(38) Tiramisu French Toast

You know what you should totally do? You should grab a couple of friends, whip up a bunch of delicious breakfast-y foods, and enjoy scarfing it all down in late morning September sunlight and crisp air with copious amounts of coffee. Have first, and then seconds, and then thirds. Sit around talking about politics for an hour. And then pour yourself another cup of coffee and watch Doctor Who.

You can thank me for this great idea later.

Our brunch menu today consisted of: apple sausage patties, ricotta & pesto pie, cheesy veggie hashbrowns, strawberries and blueberries and this tiramsiu French Toast. And coffee. Always coffee.


  • 1 loaf challah bread
  • 8 eggs
  • 1/4 cup  heavy cream
  • 1 tablespoon vanilla extract
  • 1/2 teaspoon cinnamon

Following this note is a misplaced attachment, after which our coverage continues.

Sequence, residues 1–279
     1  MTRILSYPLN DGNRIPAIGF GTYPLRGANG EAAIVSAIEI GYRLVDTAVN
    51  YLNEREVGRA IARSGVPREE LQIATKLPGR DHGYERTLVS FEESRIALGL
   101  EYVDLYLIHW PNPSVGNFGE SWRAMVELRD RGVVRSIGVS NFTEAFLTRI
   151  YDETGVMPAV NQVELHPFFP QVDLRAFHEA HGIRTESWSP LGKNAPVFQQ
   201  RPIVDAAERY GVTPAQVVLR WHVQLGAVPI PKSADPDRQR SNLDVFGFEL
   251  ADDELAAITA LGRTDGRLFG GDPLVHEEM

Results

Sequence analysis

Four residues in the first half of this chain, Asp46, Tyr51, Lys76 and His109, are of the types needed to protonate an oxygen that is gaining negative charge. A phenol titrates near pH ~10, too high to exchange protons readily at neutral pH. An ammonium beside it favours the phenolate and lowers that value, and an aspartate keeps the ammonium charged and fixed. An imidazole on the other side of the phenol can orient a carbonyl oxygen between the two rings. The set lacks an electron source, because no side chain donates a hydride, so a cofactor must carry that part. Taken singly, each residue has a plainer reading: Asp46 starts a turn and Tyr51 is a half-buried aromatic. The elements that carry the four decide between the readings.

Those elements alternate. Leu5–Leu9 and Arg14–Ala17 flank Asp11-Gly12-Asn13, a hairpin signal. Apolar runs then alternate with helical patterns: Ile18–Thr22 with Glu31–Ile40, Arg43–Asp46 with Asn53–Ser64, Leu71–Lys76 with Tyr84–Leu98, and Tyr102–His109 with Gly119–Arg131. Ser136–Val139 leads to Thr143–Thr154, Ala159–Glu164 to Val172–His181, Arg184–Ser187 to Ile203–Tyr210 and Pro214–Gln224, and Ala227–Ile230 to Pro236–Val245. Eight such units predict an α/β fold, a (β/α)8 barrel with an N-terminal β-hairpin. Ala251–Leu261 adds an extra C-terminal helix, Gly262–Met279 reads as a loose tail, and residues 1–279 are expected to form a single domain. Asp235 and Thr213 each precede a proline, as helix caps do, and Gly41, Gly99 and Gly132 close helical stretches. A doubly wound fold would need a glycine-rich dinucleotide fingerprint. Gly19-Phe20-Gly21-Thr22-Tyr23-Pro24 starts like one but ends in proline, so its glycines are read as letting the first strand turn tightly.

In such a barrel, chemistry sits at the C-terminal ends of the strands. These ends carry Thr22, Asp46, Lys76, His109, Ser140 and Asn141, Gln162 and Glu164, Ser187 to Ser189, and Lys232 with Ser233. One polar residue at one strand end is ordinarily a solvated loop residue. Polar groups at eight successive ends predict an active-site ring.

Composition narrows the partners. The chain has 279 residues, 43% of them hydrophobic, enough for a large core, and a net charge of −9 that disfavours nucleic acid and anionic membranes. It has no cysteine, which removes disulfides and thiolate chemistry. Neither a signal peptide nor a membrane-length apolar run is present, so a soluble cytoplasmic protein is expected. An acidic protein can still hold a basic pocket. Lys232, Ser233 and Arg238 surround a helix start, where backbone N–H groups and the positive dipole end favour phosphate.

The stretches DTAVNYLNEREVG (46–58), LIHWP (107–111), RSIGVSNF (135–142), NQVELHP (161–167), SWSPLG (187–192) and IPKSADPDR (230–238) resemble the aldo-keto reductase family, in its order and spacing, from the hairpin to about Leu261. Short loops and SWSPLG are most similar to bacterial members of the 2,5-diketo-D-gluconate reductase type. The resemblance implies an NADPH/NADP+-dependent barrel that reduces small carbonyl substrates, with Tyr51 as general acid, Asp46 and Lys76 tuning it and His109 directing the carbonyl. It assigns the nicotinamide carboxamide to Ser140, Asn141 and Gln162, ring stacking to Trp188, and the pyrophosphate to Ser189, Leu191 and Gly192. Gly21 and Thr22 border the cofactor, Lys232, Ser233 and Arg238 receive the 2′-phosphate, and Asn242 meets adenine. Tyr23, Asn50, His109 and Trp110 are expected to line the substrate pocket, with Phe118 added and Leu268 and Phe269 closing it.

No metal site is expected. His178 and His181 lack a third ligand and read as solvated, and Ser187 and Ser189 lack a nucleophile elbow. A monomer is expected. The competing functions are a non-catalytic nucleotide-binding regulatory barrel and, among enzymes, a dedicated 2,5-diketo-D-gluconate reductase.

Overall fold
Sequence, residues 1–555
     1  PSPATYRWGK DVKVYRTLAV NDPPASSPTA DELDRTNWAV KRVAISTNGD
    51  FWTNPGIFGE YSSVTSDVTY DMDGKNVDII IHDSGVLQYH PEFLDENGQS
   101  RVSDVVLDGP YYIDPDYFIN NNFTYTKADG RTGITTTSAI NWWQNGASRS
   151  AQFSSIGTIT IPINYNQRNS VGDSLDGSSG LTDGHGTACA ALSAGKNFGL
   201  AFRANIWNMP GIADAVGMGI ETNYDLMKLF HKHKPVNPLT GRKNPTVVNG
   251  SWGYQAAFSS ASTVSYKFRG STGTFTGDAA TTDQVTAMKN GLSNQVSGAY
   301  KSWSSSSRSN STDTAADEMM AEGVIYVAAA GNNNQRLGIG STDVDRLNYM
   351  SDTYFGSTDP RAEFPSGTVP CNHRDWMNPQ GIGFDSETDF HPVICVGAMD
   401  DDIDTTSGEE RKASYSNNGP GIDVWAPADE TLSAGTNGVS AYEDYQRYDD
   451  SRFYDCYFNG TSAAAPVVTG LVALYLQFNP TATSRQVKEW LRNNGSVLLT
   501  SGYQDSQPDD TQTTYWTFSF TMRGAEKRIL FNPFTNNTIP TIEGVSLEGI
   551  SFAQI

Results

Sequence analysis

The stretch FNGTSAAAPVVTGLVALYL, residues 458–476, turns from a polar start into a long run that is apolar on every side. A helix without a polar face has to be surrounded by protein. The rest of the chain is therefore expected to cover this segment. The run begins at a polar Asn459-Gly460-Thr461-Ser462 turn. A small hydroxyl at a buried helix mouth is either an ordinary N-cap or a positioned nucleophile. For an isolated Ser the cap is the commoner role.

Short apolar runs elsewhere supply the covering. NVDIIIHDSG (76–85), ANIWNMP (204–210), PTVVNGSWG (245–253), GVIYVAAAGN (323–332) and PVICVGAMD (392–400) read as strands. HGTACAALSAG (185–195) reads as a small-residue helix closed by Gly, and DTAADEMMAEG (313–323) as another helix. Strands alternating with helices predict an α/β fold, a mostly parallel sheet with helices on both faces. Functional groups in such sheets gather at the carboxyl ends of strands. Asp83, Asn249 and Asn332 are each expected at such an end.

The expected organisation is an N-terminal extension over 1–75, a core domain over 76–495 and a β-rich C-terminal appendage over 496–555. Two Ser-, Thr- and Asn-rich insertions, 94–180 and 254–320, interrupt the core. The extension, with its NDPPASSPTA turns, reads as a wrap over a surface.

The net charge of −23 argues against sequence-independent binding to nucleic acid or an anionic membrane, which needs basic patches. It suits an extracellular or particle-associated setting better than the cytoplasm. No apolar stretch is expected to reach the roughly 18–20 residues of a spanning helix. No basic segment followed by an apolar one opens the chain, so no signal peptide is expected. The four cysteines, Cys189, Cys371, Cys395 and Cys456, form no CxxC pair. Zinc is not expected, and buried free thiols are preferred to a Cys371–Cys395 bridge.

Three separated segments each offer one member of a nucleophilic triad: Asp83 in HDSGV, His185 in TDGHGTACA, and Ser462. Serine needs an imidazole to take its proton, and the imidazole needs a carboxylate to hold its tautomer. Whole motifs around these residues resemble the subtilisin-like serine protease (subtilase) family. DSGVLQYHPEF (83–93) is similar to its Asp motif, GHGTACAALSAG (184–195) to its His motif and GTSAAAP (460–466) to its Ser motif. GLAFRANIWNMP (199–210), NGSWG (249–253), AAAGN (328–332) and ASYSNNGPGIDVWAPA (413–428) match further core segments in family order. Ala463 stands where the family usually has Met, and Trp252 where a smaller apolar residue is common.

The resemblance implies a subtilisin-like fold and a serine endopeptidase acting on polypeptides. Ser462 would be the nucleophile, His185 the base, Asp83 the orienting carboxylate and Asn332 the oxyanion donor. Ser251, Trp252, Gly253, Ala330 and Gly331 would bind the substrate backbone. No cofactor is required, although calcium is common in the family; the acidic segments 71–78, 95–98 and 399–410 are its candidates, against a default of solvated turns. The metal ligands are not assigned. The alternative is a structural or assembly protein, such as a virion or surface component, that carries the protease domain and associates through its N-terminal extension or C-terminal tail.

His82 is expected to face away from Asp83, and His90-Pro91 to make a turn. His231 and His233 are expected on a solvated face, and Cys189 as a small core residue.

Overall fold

• 1 tablespoon instant coffee powder
  • 1/2 tablespoon sugar
  • 1 cup mascarpone cheese
  • 1 tablespoon honey
  • butter
  • cocoa powder, for serving
  • maple syrup for serving
  • Sliced strawberries for serving


  1. In a large baking dish, whisk together eggs, vanilla, cinnamon, 1/2 teaspoon of instant coffee powder, sugar, cinnamon and cream
  2. Slice bread into 8 thick slices. Soak each slice for about 30 second on each side
  3. Butter a griddle or skillet over medium heat, cook soaked break slices for 1-2 minutes on each side, until browned. Add more butter if needed.
  4. Mix together mascarpone cheese, honey, and remaining instant coffee in a separate bowl
  5. When the french toast is done cooking, top with the mascarpone cheese mixture. Dust with cocoa powder. Serve with maple syrup and strawberries.